Why are Americans asked to delineate between radical Muslims and peaceful ones while Muslims don’t seem to be able to do the same?
I’ve been watching the horrific turn of events concerning the Islamic Community Center near Ground Zero and the events of the Pastor in Gainesville, Fla. who desires to burn a Qua ran or two.
The pastor (whose actions I despise) is asked to not burn anything for it will incite violence in the areas occupied by U.S. troops in the Middle East. Yet, we are asked by Muslims to accept the building of a Mosque in a building that received damage by one of the 9-11 planes nine years ago.
We are asked to distinguish between the good and the bad, but we see several pictures of the Gainesville Pastor being burned in effigy in the streets of some Islamic nation. Why are we not expecting more from our Muslim counterparts?
This shows the disparity in our cultures. Americans are asked to not stereotype while Muslims are not asked to buck up and realize that this is one isolated nut case. What do we both have in common?
The answer is hyperbole. Our media is obsessed with it. Everything has to be dire or the super-fantabulous, best ever or you won’t pay attention.
Why does every news cast begin with “Breaking News?” Isn’t it strange that breaking news was something that the news stations would interrupt regular programming for? Now, we get breaking news every night at 11 p.m. Isn’t that convenient?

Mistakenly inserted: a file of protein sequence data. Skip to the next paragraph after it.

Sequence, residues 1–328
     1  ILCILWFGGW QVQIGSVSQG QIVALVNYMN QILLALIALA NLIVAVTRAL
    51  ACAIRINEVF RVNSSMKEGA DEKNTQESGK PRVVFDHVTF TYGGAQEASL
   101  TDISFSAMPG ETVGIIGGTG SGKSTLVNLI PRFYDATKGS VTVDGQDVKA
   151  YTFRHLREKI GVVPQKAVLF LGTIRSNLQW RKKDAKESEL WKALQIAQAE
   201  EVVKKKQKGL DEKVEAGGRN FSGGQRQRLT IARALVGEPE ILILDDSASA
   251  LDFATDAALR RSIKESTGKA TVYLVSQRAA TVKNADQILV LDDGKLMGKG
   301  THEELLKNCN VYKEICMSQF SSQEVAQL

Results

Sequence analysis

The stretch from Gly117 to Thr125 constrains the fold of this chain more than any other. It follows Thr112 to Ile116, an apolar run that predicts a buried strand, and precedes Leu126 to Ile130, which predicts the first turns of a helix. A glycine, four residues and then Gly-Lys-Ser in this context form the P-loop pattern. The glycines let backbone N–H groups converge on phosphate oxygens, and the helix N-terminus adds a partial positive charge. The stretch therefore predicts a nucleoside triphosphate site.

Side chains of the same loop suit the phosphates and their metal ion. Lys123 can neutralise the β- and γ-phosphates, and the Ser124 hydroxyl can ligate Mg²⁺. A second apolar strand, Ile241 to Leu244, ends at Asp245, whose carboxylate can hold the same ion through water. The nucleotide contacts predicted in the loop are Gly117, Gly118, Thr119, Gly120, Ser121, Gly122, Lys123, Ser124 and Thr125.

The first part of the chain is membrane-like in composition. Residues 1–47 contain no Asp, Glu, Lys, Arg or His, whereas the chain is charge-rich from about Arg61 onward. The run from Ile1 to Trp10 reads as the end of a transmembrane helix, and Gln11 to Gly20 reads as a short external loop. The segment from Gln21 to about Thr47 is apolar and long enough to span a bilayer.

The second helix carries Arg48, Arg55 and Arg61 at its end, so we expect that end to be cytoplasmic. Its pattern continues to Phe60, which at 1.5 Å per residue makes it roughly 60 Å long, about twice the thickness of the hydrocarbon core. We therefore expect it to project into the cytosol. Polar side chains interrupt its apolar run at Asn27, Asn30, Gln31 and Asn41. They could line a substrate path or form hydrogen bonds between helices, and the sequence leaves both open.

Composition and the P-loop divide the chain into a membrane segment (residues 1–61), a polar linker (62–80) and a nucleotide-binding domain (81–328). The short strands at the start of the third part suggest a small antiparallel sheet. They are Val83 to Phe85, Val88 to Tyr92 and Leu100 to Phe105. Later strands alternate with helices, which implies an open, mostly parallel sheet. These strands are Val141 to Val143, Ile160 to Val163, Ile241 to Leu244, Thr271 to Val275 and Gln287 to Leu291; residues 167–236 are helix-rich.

Every snow storm is the snow storm to end all snow storms. When the ground gets barely covered, I shake my head in disbelief and wonder what I’m going to do with 12 loves of bread. Good news, kids, it’s PB&J for the next 30 days.
I’m tired. The amount of adrenaline pumped through my veins at every event or product recall wears on my stamina. There are no regular days anymore. Days where you can disconnect and contemplate your navel. I miss college.
There seems to be a fear that if a product or service doesn’t break through the shiny din of hyperbole it will fade in the background like beautiful music from Mantovanni and the 100 Strings.
It’s not true. There is a call to be clever and out think the competition, but many businesses can carve a niche for themselves by being different. Have confidence in your product or service and market the differences between you and your competitors. EVERYONE says they give better customer service. You should just do it and advertise that you can do what no one else can.
Execution is also a path to separating your business from the rest of the pack. Focus on what you do best. If I’ve told you once, I’ve told you a thousand times, don’t practice hyperbole!